You Can’t Demystify Kongi!
Professor Wole Soyinka’s generation suffered excessive military incursions, after a tough struggle with colonialism. Fought and forced power from the Khaki boys, installed Democracy and ensured its stability. Need I remind anyone this elementary history?
Yes, we are not there yet. It’s arguable, and I agree. But what we currently have is nothing close to where we were coming from. The comparison shares metaphorically with night and day.
Whatever WS did then that this irreverent and ill-bred generation talks about with condescending temerity was triggered by the fear and the scar of the roles the military had played in the body polity. How is that by any stretch relatable to Datti’s fascist comments?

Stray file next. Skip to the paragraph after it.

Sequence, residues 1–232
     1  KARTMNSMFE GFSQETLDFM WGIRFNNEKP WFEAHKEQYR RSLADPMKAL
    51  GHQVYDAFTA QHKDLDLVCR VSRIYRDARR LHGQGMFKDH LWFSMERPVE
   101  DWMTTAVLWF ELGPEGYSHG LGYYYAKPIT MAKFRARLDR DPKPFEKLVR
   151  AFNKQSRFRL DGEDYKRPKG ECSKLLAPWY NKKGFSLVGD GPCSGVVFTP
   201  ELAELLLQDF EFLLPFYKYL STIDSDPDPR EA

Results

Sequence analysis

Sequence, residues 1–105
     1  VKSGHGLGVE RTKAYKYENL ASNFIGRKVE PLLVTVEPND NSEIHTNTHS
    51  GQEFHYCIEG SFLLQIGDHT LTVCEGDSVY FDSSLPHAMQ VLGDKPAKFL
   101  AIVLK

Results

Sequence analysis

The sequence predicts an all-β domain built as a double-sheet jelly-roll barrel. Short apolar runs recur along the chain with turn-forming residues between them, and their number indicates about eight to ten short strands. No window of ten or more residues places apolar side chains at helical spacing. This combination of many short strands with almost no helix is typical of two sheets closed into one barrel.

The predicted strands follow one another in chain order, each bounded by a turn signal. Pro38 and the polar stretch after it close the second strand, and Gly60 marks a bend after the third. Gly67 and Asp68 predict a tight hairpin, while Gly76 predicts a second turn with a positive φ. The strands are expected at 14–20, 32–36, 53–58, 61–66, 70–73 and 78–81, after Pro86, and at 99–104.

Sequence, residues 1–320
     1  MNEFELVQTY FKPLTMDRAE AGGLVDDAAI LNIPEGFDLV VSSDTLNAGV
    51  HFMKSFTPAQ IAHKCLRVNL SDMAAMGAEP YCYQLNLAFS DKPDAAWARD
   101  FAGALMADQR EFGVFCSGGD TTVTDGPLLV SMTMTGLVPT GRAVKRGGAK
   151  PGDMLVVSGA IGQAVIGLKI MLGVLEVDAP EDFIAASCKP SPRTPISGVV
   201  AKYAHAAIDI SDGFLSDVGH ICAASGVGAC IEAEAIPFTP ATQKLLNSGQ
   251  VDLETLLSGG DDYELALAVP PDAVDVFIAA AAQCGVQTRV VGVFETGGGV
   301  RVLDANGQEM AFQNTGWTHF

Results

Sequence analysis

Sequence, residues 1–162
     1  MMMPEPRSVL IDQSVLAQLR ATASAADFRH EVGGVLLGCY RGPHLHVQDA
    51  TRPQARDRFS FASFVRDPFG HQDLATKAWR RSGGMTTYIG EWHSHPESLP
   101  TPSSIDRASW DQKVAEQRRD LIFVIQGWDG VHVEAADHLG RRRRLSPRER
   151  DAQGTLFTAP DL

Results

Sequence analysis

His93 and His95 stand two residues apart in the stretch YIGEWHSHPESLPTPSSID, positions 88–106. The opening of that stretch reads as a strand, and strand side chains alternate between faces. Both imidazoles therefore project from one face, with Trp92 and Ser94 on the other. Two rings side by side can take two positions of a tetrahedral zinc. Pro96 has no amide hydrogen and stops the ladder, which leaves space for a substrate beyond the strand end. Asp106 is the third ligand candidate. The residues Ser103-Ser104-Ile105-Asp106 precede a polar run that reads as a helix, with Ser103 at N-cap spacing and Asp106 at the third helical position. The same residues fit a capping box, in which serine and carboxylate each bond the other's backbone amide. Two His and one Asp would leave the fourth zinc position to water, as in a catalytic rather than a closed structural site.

Perhaps, Datti and his ring of supporters should tell us the role he played in the Democracy he enjoys today, that he became unmeasured in his utterances following an election in which he came third? History has nothing on him. He can as well trample on it.
Datti, apparently with a poor sense of history, would rather the military returned to power. It’s a case of “if I don’t have it, no one else should.” And he went miles further, intimidating the judiciary. What a wawu! (sic)
Conversely, however, looking back through the window of time and having spent his productive adult life fighting for the nation, WS sees better with his lenses and his words are truer than what Datti and others can see.
For a man, who was imprisoned for supporting Biafra, it’s a shame that these new age historians would leave this and pick the other because it suits their warped narrative. You can’t demystify Kongi. Baba yin o to be.
He is right, after all, and I support his timely and well-stated condemnation of Datti.